Linguistics: An Introduction

By William B. McGregor



8.2 — Links

Brain images

The Comparative Mammalian Brain Collections contains numerous images of the brains of mammals, including humans. This site contains an enormous amount of information and is well worth exploring.

The homunculus — or "little man inside the head"[*] — provides a visual indication of the area of the cortex concerned with sensory perception or motor control. The following models show what a man's body would look like if each part was sized in proportion to the cortical area concerned with the part.

[*]: I have searched unsussessfully for examples of female homunculi.


The following are links to a selection of websites where you can try for yourself a number of experiments mentioned in Chapter 8. This is not an exhaustive listing by any means, and you should surf the web for further implementations of these and other experimental paradigms.

McGurk effect

The web contains a large number of illustrations and discussions of the McGurk effect.

YouTube has a good version. Here's what you do. In this video you will see and hear a person saying some simple syllables. You should watch the person carefully, and listen carefully to what they say. Write down the syllables you hear. Replay the video until you are sure you have written all the syllables down.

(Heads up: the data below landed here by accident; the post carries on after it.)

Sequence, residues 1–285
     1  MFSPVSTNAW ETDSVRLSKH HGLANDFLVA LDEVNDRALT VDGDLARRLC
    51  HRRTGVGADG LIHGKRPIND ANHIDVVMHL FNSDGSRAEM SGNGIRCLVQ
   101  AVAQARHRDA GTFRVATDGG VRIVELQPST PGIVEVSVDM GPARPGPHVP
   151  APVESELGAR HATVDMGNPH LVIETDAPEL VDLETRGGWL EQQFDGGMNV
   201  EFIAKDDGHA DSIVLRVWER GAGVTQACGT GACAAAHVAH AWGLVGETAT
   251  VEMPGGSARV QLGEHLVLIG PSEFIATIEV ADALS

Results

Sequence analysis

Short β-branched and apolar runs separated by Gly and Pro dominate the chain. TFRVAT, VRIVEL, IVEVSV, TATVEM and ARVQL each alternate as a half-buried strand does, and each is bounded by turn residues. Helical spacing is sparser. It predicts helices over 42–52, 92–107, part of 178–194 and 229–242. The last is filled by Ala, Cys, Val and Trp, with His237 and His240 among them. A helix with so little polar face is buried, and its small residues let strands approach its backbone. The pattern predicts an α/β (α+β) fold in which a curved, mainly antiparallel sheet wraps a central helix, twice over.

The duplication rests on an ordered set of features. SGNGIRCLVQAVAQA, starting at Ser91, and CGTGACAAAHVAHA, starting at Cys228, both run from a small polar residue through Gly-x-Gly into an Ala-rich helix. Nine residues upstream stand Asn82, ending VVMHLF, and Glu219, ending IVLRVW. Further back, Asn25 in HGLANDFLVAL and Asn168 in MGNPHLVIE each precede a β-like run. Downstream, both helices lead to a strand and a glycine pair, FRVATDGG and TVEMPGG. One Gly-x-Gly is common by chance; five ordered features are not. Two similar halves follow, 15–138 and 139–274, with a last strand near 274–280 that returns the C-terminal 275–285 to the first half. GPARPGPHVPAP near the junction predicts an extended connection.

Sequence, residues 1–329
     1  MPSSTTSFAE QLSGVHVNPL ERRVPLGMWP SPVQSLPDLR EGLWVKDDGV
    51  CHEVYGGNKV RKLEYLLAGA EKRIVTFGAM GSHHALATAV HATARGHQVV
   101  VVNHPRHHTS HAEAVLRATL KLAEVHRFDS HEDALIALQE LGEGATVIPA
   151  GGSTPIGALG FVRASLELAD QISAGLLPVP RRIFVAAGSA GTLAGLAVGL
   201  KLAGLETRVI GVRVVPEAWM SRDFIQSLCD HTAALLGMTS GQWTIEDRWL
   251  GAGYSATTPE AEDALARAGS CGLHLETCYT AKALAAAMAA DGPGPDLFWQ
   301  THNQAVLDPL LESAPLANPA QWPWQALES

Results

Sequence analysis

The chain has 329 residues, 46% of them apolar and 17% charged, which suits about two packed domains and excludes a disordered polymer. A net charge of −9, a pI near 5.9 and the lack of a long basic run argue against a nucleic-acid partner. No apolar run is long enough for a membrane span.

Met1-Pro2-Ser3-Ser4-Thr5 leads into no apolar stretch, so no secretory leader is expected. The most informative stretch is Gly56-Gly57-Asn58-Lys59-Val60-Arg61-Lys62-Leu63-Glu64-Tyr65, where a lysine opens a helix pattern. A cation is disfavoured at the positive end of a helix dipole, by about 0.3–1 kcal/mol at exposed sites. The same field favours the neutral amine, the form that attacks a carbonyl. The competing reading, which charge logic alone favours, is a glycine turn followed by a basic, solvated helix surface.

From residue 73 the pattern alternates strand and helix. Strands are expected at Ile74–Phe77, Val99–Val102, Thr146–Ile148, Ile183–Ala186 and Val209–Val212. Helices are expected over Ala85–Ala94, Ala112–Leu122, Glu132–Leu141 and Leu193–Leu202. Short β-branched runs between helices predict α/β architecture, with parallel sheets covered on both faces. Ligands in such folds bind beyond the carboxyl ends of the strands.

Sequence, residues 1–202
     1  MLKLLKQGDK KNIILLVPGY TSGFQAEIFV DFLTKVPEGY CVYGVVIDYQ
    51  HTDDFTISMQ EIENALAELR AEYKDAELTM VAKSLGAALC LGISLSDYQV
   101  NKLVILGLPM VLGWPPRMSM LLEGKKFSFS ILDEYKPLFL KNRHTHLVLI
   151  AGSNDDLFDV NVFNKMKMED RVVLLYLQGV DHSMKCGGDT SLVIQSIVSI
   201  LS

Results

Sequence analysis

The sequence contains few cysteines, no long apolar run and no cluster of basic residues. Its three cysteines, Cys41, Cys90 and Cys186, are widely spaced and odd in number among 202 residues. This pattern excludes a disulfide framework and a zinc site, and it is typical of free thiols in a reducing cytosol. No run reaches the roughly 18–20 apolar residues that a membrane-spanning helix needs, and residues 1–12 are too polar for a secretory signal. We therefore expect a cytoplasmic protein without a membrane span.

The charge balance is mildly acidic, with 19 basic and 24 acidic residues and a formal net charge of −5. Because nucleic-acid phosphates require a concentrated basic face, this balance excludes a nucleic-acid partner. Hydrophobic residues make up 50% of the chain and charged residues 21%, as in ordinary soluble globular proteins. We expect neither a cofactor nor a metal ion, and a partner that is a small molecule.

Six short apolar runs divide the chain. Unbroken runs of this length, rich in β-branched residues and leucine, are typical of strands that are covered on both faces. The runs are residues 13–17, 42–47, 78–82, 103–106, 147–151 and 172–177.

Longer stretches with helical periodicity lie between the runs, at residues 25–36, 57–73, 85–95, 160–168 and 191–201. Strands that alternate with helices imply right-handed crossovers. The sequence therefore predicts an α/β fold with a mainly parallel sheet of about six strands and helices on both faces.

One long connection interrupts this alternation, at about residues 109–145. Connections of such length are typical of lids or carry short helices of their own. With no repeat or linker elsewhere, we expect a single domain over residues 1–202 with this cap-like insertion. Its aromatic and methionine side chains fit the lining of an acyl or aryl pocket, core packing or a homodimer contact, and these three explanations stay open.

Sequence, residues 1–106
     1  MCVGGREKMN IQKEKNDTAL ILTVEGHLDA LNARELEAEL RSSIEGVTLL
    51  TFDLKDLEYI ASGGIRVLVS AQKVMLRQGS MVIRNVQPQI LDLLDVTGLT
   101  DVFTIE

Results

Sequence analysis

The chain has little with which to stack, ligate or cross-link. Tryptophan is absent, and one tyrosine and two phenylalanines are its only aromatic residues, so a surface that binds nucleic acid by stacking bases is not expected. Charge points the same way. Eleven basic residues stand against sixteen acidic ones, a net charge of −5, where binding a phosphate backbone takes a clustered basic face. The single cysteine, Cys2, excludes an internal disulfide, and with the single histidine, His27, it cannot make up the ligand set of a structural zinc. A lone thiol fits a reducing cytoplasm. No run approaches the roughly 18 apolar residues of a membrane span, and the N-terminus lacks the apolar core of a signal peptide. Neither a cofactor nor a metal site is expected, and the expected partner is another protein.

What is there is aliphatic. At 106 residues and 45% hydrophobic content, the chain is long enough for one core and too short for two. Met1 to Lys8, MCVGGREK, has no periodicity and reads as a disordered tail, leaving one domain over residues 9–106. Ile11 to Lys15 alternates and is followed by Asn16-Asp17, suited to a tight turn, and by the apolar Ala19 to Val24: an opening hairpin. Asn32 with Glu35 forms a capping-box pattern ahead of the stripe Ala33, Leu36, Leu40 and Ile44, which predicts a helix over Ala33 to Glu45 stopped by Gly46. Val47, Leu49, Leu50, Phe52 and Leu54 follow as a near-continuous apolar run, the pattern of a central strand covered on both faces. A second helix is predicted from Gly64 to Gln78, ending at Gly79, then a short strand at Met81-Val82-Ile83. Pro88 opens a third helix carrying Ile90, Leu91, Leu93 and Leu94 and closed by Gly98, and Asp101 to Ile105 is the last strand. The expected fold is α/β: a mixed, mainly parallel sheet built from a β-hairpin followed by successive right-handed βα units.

Now start the video again and close your eyes while the video is playing. What do you notice?

Categorical perception

The categorical nature of speech perception is discussed on p. 185 of the textbook. You can do experiments in categorical perception online if you have a sound card in your computer, and speakers or headphones (preferably).

Dichotic listening task

An interactive online version is available. You will need a sound card and speakers or headphones.

Stroop effect

Question 2 (p. 200) asks you to find out about this effect (see e.g. The Stroop effect on Wikipedia).

Online versions of the Stroop task can be found at DCity, Erik H. hudler's web site and The Writing Pot. Try them out.

Updated: Feb. 11, 2009